HEA in Oman –professional development and approaches to strategic priorities

Hugh Mannerings, HEA Academic Lead for Retention and Success, reflects on his recent trip to deliver workshops to academic colleagues in the Sultanate of Oman
Hugh Mannerings, HEA Academic Lead for Retention and Success
14 June 2016

Higher education in Oman is in transition, with an increased focus on the outcomes of graduates and, in particular, the development of the workforce to support the economy.  There is a clear drive to upskill the population through degree programmes that support the direction and infrastructure of the national economy. There’s also a push to support HE teaching staff through professional development programmes.

So I was delighted to be part of an HEA team invited to deliver workshops earlier this month to support higher education staff development and to share our learning in strategic approaches to Assessment & Feedback and Employability.  These are two of the HEA’s FrameWorks series designed to address key themes and challenges in higher education.  (Other themes are internationalisation; access retention & success, flexible learning, student engagement.)  

This invitation had been a long-time in the planning with support from the British Council in Oman together with the Caledonian College of Engineering – our hosts – and, significantly, the Ministry of Education in Oman. 

Delegates from nearly all higher education institutions across Oman were invited to participate in a day of interactive workshops and discussions around the work of the HEA, including an overview of the HEA Fellowship scheme, the purpose of the Professional Standard Framework (PSF) alongside the FrameWorks, Assessment & Feedback and Employability. 

Each of the workshops encouraged discussions around the issues and challenges in higher education, particularly for those delivering degree and postgraduate programmes in Oman.  For me, it was really interesting to note that many of the challenges faced by institutions and individual academics in Oman are almost identical to those teaching in the UK: engagement, academic integrity, plagiarism, student achievement, assessment and feedback and, of course, employability.  While the systems of academic administration, registry and validation processes support the standards required at degree level, there is a clear desire to develop and professionalise teaching and enhance the student experience. The Caledonian College of Engineering, for example, has a clear strategy to encourage staff towards gaining relevant academic and professional qualifications to support their teaching programmes, with awards each year aimed at supporting teaching in the classroom.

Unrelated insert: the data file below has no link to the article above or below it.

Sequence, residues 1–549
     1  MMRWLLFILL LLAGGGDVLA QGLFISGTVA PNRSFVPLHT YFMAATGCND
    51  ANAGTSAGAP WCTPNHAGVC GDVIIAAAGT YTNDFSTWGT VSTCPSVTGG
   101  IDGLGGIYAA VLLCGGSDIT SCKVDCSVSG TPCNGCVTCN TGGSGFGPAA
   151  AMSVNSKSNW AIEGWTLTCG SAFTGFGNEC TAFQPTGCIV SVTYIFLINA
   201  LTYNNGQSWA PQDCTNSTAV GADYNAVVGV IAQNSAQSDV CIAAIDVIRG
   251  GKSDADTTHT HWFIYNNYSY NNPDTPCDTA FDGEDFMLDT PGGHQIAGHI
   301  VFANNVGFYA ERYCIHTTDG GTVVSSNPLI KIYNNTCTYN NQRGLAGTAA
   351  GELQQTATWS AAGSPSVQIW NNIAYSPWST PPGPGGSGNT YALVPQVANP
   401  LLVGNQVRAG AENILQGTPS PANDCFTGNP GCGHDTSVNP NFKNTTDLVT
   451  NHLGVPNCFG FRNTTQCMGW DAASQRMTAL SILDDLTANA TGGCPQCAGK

Our experience of visiting Oman and delivering the programme left us with strong positive impressions, not least in terms of their commitment towards investing in staff development through engaging in the PSF and the HEA Fellowship, and that colleagues’ teaching practice and experience was closely aligned to the values and standards set out in the PSF.

We would like to extend our thanks to all the colleagues at the Caledonian College of Engineering who made us feel very welcome and we look forward to a continued partnership to support teaching excellence in Oman.

Staff on the trip:

Dr Julie Baldry Currens – HEA Associate and UKPSF assessor.

Hugh Mannerings – Academic Lead of Retention and Success

Nick Fletcher – International Office

The HEA’s mission is: ‘Improving learning outcomes by raising the status and quality of teaching in higher education’.  Based in the UK, the HEA works in more than 25 countries including in the Middle East, China (including Hong Kong), Australia and New Zealand, Europe, and in North and South America.

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